Duensing plans to adapt again this season
MINNEAPOLIS — During his young major-league career, Twins left-hander Brian Duensing has never complained about his role. He’s bounced between Minnesota’s rotation and its bullpen in three seasons and was always just happy to be in the majors.
Duensing’s role could likely change again for the 2012 season. After starting 28 games in 2011, Duensing is the probable candidate to move from the rotation to the bullpen after the Twins signed veteran Jason Marquis in the offseason.
Once again, it doesn’t matter to Duensing when he pitches.
“I would prefer to start, but I understand the situation that we’re in now,” Duensing said last month at TwinsFest. “I know it’s cliché, but honestly, whatever I can do to help the team is what I’d like to do. If that’s coming out of the bullpen, whether it be long relief guy or every seventh day, it doesn’t matter to me as long as I can help the team and be pitching at this level.”
Carl Pavano, Scott Baker and Francisco Liriano are safe bets to join Marquis in the Twins’ rotation. The last spot will be a battle to watch in spring training, but Nick Blackburn will likely stay in the rotation, with Duensing the best bet for the bullpen given his experience as a reliever. In Duensing’s 109 career games, 59 appearances were in relief, often in a long relief role.
Still, Twins general manager Terry Ryan said nothing is set in stone just yet.
“We’ve got a situation there where we’ve got probably six, seven, eight guys that will be in the area of starting and potential to be starters,” Ryan said last month. “I wouldn’t eliminate Duensing. I wouldn’t eliminate (Anthony) Swarzak. I wouldn’t eliminate (Matt) Maloney. I wouldn’t eliminate (Scott) Diamond. …
“We’re going to end up opening that thing up down there. Obviously we’ll have decisions to make. If everyone stays healthy, then we will have good problems.”
In 28 starts last season, Duensing was 9-13 with a 5.24 ERA. He pitched one shutout against the Tampa Bay Rays but also had four outings in which he gave up seven runs in 4 2/3 or fewer innings.
Duensing seemed to take the losses particularly hard last season. After some games, he’d stare blankly into his locker or at the ground, clearly frustrated by his performance.
“I know I didn’t have the best year last year,” Duensing said. “I know for me personally, I was leaving the ball up in the zone a lot. I’m a ground ball guy, and if I leave the ball up I’m going to get hit pretty good. I had the ball up in the zone, so I’ve got to refocus and go back to what I’m good at doing.”
While Duensing says he’s fine with whatever role the Twins see fit for him, the 28-year-old lefthander knows that uncertainty means this upcoming spring training is a big one for him. Minnesota’s pitchers and catchers report to Fort Myers, Fla., on Saturday, which will be Duensing’s first chance to prove he can rebound from a down year in 2011.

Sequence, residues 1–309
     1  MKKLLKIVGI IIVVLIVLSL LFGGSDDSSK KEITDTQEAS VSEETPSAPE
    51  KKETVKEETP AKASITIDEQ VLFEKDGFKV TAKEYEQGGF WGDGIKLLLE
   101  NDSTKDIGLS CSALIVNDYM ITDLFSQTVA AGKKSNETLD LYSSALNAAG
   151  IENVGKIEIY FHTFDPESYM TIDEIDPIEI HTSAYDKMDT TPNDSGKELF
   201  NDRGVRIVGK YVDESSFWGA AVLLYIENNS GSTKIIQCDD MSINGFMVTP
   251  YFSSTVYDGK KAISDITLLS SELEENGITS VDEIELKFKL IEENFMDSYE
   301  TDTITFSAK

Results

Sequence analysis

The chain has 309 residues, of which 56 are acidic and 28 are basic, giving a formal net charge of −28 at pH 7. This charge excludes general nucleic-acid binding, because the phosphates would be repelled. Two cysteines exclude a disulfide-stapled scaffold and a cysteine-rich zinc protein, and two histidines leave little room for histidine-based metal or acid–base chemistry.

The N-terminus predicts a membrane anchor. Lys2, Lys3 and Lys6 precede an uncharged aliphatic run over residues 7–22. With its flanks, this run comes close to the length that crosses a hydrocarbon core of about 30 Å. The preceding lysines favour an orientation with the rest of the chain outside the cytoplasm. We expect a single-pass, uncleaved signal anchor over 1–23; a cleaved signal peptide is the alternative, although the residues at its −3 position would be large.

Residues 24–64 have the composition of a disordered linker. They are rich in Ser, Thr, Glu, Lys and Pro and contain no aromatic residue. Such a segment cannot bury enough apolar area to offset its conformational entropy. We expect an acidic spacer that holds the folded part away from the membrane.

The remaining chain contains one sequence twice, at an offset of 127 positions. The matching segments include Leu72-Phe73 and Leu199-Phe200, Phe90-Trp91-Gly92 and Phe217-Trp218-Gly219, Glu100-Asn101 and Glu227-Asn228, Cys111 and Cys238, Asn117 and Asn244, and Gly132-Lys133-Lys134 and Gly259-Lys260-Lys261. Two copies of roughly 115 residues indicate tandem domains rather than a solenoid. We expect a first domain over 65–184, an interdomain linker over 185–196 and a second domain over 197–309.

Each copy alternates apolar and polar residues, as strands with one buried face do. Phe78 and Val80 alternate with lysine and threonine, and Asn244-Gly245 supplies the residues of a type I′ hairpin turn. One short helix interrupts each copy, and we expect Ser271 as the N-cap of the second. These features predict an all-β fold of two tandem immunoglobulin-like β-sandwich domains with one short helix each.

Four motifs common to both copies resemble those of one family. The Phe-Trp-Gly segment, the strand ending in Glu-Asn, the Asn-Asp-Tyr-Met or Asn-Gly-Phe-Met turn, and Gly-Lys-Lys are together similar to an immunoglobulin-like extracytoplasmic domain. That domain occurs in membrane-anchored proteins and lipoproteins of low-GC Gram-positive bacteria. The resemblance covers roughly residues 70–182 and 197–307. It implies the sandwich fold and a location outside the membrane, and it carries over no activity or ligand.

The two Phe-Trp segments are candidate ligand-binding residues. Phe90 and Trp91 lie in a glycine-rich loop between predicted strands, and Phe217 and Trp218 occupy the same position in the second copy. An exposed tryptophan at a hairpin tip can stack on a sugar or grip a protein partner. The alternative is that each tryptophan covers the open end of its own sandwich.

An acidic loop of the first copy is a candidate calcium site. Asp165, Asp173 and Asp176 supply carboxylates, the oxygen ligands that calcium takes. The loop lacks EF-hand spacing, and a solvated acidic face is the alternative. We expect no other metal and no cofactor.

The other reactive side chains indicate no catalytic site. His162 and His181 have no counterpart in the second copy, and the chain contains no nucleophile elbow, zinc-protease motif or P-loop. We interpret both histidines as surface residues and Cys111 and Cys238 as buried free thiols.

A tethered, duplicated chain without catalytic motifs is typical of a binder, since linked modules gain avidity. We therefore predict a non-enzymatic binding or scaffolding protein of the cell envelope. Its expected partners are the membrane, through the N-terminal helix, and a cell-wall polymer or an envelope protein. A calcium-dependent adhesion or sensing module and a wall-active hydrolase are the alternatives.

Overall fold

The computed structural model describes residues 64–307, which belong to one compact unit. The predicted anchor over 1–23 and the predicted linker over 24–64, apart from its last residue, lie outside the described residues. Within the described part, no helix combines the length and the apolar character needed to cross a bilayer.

“It’s important because it was a little bit of a shaky season,” he said. “It’s just important because I don’t know what role I’m going to be in, so I’ve got to be ready to go with both.”
Some of Duensing’s closest friends from last year’s team won’t be joining he and the Twins in Fort Myers, however. Duensing became particularly close with closer Joe Nathan, who earlier this winter signed as a free agent with the Texas Rangers. Duensing’s locker was just a few down from Nathan’s corner locker in Minnesota’s clubhouse, and Duensing said Nathan “taught me the ropes a little bit” when he broke into the majors in 2009.
Also gone are free agent outfielders Michael Cuddyer and Jason Kubel, who signed with Colorado and Arizona, respectively, this offseason. Duensing said he and his wife, Lisa, grew close to both the Cuddyer and Kubel families.
“Cuddy, him and his wife, my wife and I owe them everything. They helped us out so much with everything,” Duensing said. “Any question we had about any matter, we could ask them and they’d help us out. Both those guys are good people. Same with the Kubels. My wife and his wife are good friends. Jason and I got along really well. It’s tough, but we also understand it’s part of the business.”
Indeed, the show must go on for the Twins without some of the big names they lost this offseason. Even with the likes of Cuddyer, Kubel and Nathan, Minnesota still lost 99 games in 2011.
It was the first losing season Duensing endured in his brief major league career. He’s optimistic it won’t happen again in 2012.
“Hopefully it’s a different year,” he said. “One thing I really hope doesn’t happen is if we start losing a few games, I hope no one panics. No one’s like, ‘Oh, here we go again’ or anything like that. … The season’s up and down. I think the big key will be is if we hit our first skid, however long it is, that no one panics and everyone stays positive and keeps pulling for each other. I think that’ll be a big key to the season, too.”
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